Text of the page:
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david johnson
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PostPosted: Wed Nov 24, 2021 12:30 am    Post subject: Reply with quote

I did school bands for decades and always had a chair-placement tryout, but I also always told the students that I would switch up who played what when I thought the group would sound better that way on a specific selection.
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trickg
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PostPosted: Wed Nov 24, 2021 7:39 am    Post subject: Reply with quote

So there's really a mixed bag of beliefs here. I was always of the mindset that chair placement tryouts/challenges were a good thing because it allows for a certain amount of competitiveness that drives certain students to work to excel.

I think that in some instances it might be demoralizing for students at the back of the pack - I know that I was there at one point. When I was in 7th grade, I completely didn't prepare for the first chair placement tryout, so I was near last chair.

I have a whole story about how a single day changed my life - a bit of encouragement from my band teacher on a day where he could have simply chosen a punishment rather than using it as a teaching moment. I'll spare the details of the story, but suffice it to say, when the next chair placement tryout came around, I busted my butt on the excerpt, and that was when I leaped over about 12 other students and wound up 3rd chair overall in the 7th/8th grade combined band.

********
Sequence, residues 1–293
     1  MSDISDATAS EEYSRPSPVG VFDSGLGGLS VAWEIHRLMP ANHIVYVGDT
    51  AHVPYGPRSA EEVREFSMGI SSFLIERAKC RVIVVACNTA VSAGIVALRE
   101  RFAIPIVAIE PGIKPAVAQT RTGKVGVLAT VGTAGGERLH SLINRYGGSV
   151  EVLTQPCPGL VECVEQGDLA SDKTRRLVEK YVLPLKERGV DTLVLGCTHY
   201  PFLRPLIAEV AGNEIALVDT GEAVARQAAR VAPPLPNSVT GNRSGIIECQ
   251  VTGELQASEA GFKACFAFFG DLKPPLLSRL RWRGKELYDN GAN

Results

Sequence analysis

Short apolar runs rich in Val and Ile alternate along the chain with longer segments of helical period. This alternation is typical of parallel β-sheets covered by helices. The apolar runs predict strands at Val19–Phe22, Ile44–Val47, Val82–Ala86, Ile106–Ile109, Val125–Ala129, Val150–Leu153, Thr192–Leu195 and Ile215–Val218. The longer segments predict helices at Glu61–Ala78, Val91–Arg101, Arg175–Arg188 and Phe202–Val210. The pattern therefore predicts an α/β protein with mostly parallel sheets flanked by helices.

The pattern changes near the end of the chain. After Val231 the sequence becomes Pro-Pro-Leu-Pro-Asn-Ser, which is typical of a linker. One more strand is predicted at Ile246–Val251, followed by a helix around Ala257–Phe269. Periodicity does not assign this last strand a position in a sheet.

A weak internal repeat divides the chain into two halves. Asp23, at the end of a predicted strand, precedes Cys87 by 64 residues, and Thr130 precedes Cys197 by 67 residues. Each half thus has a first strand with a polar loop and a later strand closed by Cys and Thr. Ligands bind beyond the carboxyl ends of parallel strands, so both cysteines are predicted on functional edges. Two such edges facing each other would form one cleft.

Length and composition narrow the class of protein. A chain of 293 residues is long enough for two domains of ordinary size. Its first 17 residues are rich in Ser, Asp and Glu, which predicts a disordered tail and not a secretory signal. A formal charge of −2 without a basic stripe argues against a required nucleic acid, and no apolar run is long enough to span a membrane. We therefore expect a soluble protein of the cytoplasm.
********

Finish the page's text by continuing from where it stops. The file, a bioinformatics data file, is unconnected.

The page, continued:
In any case, I know what it felt like to be at the bottom of the pack, but I also know the thrill of moving up chairs towards the top of the pack. It was absolute instrumental in giving me the drive and inspiration to work to excel.
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yinzbrass
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PostPosted: Wed Nov 24, 2021 2:42 pm    Post subject: Reply with quote

In my experience (former teacher), and seeing the programs of a number of colleagues, auditions, challenges, pop quizzes for chairs etc. can all be successful tools. They can also be the reason students get mad and drop music classes.

Most important, IMHO, is the director's motivation for their seating system, and the follow through they give to the lower half of the section. If students believe they are being taught (given positive and challenging feedback), rather than ranked and weeded-out, personal pride will motivate most students to work hard. Well, work anyway. They know if you are on the podium to help give them the best possible band experience, or simply to put the best performance on stage.

Music teachers have always had the competing issues of creating a polished product at performances, while creating classes that teach each child. Only recently has high-stakes testing brought these pressures to "academic" subject teachers.
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S Koons
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PostPosted: Wed Nov 24, 2021 4:01 pm    Post subject: Reply with quote

david johnson wrote:
I did school bands for decades and always had a chair-placement tryout, but I also always told the students that I would switch up who played what when I thought the group would sound better that way on a specific selection.